Go to School Board Meetings
If you have kids, or mentees, use the Zinn Education Project to teach them about those who fought for equity and respect before us—they'll get a better history lesson than they might be getting in school.
(re)Educate your children
Provide resources to local teachers
Equity is also about resources. Many caring teachers don't have what they need to teach and nurture our most vulnerable youth. Go to and select Show Only "Highest Poverty" to provide supplies to classrooms.
roll over text for links
Will complete and distribute nationwide reports—Being Black at School in the U.S. and A+ Equity Schools to look at equity for all minorities. It's expanding BBASxYourCity to more regions and will release a new curriculum, "Anti-Racism and Cultural Competency 101."
Dear XX, I live within the XX school district and I'm passionate about our public schools. I wanted to connect to provide you with several resources that I feel would be of great value to your school(s) to ensure equity for all students (i.e. getting what they need, when they need it). I also have a few questions I was hoping you could answer: EQUITY Do you have an equity policy? Can you forward it to me? Or if you need support with your policy and practices, there is a great organization,, that can help. SUSPENSION DATA Do you post online the number of students suspended or expelled? And reasons for expulsion? If students of color are being suspended at disproportionate rates, what are you doing about it? For example, have you explored research- and evidence-based methods such as positive discipline, restorative practices and educator empathy building? To learn more about improving school climate and educator practices to end the school-to-prison pipeline, contact: GIRLS OF COLOR Girls are the largest growing juvenile justice population--and this is directly linked to school suspensions (OJJDP). According to National Women's Law Center: In general, schools suspend Black, Latina and American Indian/Alaskan Native girls at higher rates than white girls. Black girls are 5.5 times more likely to be suspended from school as white girls (USDOE Office for Civil Rights). "They suspend girls for minor stuff—like going against strict dress codes or 'talking back," writes NWLC. Have you reviewed the following toolkit by the center? It details how to take inventory of your policies to make sure girls of color aren't being unfairly pushed out of school. For more resources, go to: CIVICS and U.S. HISTORY CURRICULUM I'd encourage you to take inventory of your curriculum. Expand your pedagogy to teach the *actual* history of our country. For example, do you teach about the deep, long-lasting effects of slavery, which founding fathers were slave owners, and who resisted abolition and later the Civil Rights Movement? Are you exposing the other "hidden figures" who shaped our nation: scholars, inventors, authors or leaders who are not white men? Do you cover the historically marginalized, those who are: African American, Latino, Asian, Middle Eastern, LGBTQ, of color, immigrants or disabled Americans—for starters? To lesson plan, your team could read: "Race and Education: A Primer of Issues and Dilemmas." And this is a rich, yet free curriculum resource: I appreciate the time you've taken to consider my thoughts on how to improve school equity, and hope you reply. And I'd love to support any changes that are needed to improve equity in our [school or district]. Please add me to the distribution list for public meetings and I'll be there. Sincerely, XX Address Phone Email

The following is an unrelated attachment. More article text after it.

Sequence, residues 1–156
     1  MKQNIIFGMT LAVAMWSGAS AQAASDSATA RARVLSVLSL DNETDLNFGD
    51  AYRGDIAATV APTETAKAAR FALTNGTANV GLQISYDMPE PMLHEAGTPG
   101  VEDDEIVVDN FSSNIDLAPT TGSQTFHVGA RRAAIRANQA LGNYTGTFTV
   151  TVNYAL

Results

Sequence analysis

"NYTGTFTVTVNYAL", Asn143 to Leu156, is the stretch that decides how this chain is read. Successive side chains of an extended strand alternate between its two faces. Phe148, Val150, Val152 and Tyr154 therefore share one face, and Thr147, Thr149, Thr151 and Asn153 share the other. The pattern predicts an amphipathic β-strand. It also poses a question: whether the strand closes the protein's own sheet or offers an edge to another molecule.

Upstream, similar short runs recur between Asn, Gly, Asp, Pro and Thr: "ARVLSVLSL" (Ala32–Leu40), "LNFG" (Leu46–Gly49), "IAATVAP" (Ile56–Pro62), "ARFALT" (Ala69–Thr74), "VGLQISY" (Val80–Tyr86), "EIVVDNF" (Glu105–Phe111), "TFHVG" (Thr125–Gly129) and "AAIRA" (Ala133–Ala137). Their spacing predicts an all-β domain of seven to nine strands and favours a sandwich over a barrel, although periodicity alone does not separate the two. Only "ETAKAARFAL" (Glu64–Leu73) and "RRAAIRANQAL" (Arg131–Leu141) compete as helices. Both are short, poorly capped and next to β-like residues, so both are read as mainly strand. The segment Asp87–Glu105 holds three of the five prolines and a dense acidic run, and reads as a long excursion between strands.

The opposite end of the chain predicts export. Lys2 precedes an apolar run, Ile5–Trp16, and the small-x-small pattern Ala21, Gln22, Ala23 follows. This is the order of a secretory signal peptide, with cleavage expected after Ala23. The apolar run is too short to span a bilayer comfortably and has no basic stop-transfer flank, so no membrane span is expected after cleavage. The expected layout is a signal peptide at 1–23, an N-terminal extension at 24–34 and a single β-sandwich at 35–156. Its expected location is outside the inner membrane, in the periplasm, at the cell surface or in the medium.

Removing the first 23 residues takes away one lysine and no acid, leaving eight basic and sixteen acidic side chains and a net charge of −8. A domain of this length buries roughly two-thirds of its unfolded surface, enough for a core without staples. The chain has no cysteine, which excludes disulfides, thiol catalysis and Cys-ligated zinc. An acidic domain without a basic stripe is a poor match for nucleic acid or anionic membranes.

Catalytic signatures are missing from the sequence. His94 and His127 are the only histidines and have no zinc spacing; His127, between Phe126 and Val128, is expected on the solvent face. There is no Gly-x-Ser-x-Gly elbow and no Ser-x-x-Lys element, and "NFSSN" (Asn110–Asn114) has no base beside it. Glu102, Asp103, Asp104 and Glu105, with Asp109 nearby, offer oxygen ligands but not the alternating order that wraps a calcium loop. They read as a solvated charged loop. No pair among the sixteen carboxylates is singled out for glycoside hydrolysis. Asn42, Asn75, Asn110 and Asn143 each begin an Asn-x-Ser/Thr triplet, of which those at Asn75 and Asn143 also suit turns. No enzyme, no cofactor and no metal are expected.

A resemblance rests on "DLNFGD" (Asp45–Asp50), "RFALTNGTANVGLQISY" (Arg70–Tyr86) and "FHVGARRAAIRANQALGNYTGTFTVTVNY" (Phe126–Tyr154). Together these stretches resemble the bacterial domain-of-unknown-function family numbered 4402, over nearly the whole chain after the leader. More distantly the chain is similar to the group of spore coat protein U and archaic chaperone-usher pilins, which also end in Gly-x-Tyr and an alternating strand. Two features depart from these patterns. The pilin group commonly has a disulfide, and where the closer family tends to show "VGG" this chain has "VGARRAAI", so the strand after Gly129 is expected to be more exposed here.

SAMPLE SCHOOL LEADERSHIP LETTER (cut and paste from below)